Networking is defined, broadly speaking, as: “the action or process of interacting with others to exchange information and develop professional or social contacts”.
Investing time and effort in networking can help young professionals to develop important relationships and progress faster in their careers. Here, in the latest article from the new Barden & Chartered Accountants Ireland Career Guide 2023, Sonya Boyce, HR and Organisational Development Consulting Director, Mazars Ireland, explains why.
When we think of networking as a transactional, one-sided, and artificial relationship, however, it can make us feel slightly uncomfortable about the concept, as though we are somehow using someone for our own professional gain.
Through our work with clients at Mazars and our own experience, we can see that post-COVID-19, working habits have reinforced artificial or contrived perceptions of networking. Many employees have lost the appetite to network effectively, and it can be difficult to mobilise people to re-engage with their existing network and forge new connections in-person.
Just as those connections become even more important in a physically disconnected professional environment, it is key that people invest now in re-establishing and developing their networks in a meaningful way. Unlocking your network effectively in a post-COVID-19 world could be the key to deeper engagement with colleagues, faster career development and more enjoyable working environments and relationships.
Benefits of Networking
A strong professional network can be a powerful asset in your career development, playing a critical role in progression, professional opportunities, and making work more enjoyable.
Building a network is about relationships with colleagues, bosses, friends, industry colleagues or connections. Your network isn’t just the relationships you have nurtured over time with friends and colleagues. It also includes more distant relationships and connections with thought leaders, business leaders, and “infrequent contacts”, such as casual acquaintances, and people you have met at conferences. While not necessarily as close, these connections can be an invaluable part of your network and often possess information or links that can grow your reach and opportunity to learn.
This network, of both close and looser ties, developed over the course of your career, can support greater job mobility, while also being beneficial for employment opportunities, career progression and rewards. TOP
Developing a network or networking is not simply about attending conferences and events to “sell” yourself professionally. Growing a network is about relationship building, developing trust and engaging with the needs and interests of the people you meet and connect with. To help you enhance this network, especially if you find the process intimidating, here are some useful ideas to consider:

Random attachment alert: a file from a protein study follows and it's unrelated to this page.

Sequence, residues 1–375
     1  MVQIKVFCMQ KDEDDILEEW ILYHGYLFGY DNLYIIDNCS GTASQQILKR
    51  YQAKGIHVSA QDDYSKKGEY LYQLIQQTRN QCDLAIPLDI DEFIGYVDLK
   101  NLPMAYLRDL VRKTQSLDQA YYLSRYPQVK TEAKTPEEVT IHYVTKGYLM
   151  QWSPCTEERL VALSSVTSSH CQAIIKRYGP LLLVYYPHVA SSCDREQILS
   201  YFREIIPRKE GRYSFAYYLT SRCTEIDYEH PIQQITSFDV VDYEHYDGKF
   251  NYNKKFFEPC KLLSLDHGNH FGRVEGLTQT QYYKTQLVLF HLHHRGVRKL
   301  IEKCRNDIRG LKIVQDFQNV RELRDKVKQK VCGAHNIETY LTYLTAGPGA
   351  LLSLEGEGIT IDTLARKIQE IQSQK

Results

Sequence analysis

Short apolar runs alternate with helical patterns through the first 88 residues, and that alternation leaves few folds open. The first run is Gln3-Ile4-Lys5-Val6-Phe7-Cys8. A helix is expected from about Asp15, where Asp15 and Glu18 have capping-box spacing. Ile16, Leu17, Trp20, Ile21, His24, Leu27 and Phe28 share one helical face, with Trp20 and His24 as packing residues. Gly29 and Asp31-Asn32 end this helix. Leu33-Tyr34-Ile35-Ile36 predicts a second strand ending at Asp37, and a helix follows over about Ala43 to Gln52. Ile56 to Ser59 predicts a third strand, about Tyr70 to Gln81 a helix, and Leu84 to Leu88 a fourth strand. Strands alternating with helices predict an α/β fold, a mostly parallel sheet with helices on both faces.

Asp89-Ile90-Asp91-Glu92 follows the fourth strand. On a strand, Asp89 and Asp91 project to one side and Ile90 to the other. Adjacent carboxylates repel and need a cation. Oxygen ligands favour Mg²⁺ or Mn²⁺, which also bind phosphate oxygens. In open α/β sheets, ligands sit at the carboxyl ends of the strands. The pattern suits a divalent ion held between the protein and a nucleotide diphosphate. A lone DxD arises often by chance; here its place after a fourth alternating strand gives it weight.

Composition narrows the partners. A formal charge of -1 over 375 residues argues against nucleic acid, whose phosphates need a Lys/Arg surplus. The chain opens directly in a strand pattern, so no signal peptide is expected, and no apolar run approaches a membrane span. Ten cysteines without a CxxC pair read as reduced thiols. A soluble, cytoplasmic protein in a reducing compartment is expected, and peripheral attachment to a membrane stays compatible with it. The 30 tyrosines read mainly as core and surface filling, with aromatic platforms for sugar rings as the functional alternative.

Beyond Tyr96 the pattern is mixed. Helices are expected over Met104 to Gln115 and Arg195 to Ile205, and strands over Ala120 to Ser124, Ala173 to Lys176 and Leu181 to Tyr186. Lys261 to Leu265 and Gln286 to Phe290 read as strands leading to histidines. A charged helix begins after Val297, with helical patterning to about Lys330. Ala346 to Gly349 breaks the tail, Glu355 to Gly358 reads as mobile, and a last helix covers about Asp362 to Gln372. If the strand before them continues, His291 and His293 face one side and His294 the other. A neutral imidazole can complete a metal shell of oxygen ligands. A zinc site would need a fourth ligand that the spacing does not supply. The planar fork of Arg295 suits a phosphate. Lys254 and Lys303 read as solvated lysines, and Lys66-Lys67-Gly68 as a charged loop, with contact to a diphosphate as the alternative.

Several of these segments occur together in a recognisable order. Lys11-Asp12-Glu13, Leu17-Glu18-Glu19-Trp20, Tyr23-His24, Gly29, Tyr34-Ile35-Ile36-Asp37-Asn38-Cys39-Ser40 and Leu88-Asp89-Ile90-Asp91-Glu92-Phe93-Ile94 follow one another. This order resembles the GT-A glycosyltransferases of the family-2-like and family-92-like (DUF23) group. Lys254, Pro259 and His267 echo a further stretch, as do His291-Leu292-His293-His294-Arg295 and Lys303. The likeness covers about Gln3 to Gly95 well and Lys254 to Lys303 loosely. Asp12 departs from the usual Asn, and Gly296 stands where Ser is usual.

Networking As Learning
Developing a network is not about gaining connections immediately. Like any relationship, it takes time to develop trust and understanding. Therefore, considering networking as a learning exercise in which we engage is important.
Understanding People’s “Currencies”
Different people are motivated and engaged in different ways. Allan R. Cohen and David L. Bradford, the organisation psychologists known for their work about the power of influencing, wrote extensively on understanding people’s currencies, in order to be able to influence others without authority.
Their work identified five primary currencies:
These five “currencies” can help us identify areas for potential collaboration with other people, develop our networks, and deepen our relationships with others.
Networking to Get Ahead
Building your network is just as much about those outside your organisation as it is about your colleagues inside the organisation. One Cornell University study on networking found a correlation between a person’s ability to engage with internal network and their professional opportunities. In the study, lawyers whose personal views of networking were positive ended with more billable hours and greater choice over the projects they wished to work on, than their colleagues who were less inclined to network.
In essence, those who engage colleagues, make connections and put themselves forward—i.e., those willing and able to develop their personal networks—were more successful in their careers.
Overcoming Your Fear
There is a great opportunity for employers to support and encourage employees to network. Julia Hobsbawm, author of The Nowhere Office, has, for example, promoted the idea of a Chief Networks Officer (CNO) as a means for organisations to put focus and energy into ensuring that employees are getting the most value out of their connections.
Hobsbawm says: “Really, the office is going to be good for two things—social networks and learning. Because people have been out of the office, the last thing you want to do is to send them to a conference.” Putting networks, and networking, at the C-Suite level would send a clear message to employees and customers alike about the importance of relationships, consistent engagement, chance encounters and stretch projects or developmental opportunities that come from our direct and indirect network.